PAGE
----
Putin Says Russia to Help North Korea Build Satellites

Sputnik/Artem Geodakyan/Pool via REUTERS
Russia’s President Vladimir Putin and North Korea’s leader Kim Jong Un visit the Vostochny Сosmodrome in the far eastern Amur region, Russia, September 13, 2023.

VLADIVOSTOK, Russia, Sept 13 (Reuters) – President Vladimir Putin said on Wednesday that Russia would help North Korea build satellites and, when asked if he and Kim Jong Un would talk about weapons supplies, replied that the two leaders would discuss all issues.

When asked by reporters if Russia would help Kim build satellites, Putin replied: “That’s why we came here. The leader of the DPRK shows great interest in rocket engineering, they are also trying to develop space.”

Putin showed Kim around Russia’s most modern space rocket launch site, the Vostochny Cosmodrome, which is nestled among the forests of eastern Russia not far from the Chinese border.

Kim arrived at Vostochny by train, after crossing into Russia early on Tuesday.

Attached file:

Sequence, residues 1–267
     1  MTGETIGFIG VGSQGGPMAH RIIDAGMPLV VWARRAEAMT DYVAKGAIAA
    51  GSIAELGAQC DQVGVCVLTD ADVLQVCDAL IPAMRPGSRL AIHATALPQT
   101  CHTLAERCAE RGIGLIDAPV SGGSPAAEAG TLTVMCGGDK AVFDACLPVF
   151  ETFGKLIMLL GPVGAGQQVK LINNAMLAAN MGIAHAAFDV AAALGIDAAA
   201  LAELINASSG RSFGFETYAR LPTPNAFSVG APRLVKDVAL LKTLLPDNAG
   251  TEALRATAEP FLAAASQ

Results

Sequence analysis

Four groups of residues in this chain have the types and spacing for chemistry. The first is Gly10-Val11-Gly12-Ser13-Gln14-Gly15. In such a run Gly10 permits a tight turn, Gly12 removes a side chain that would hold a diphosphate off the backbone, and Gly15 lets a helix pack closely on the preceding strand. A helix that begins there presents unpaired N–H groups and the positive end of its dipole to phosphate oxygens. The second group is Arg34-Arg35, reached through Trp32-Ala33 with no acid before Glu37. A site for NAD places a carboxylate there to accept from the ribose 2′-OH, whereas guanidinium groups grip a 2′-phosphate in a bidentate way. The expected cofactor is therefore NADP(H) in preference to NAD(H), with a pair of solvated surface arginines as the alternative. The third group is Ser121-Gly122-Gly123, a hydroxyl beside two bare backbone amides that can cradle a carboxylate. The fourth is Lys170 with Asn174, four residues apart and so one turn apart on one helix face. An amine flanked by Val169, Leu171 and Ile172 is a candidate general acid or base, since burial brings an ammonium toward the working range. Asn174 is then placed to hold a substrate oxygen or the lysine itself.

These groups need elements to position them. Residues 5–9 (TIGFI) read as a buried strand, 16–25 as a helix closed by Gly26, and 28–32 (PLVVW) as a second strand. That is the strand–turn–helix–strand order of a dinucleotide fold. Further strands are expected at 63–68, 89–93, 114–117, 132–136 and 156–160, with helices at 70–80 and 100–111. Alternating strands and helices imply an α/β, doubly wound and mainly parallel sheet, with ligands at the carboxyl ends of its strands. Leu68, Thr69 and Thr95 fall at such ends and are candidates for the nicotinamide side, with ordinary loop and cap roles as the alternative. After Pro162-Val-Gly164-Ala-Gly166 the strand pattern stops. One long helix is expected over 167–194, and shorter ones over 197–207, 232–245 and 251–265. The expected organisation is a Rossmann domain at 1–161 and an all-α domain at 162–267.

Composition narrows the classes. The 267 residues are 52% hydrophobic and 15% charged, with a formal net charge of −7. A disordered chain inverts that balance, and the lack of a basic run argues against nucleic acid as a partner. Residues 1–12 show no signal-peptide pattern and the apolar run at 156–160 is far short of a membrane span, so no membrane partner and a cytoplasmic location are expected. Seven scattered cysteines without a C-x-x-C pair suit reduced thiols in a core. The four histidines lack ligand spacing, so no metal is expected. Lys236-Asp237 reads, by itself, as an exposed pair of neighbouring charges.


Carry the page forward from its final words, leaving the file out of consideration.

“I am glad to see you,” Putin said as he shook Kim’s hand for around 40 seconds at Vostochny. “This is our new cosmodrome.”

Putin also congratulated Kim on a series of North Korean anniversaries, including 75 years since the establishment of North Korea in 1948.

Via a translator, Kim thanked Putin for the invitation and for the warmth of his reception.

Putin then showed Kim around the Vostochny Cosmodrome. Russian state television said that Kim asked Putin a large number of detailed questions.

Russian media said Putin showed Kim around the building where Russia’s new space launch rocket, the Angara, is assembled. The 42.7-meter Angara rocket launches objects into low Earth orbit.

The United States has accused North Korea of providing arms to Russia, but it is unclear whether any deliveries have been made. Both Russia and North Korea have denied those claims, but promised to deepen defense cooperation.

When asked if Kim and Putin would discuss weapons supplies, Kremlin spokesman Dmitry Peskov said:

“As neighbors, our countries implement cooperation in sensitive areas that should not become the subject of public disclosure and announcement. But this is quite natural for neighboring states.”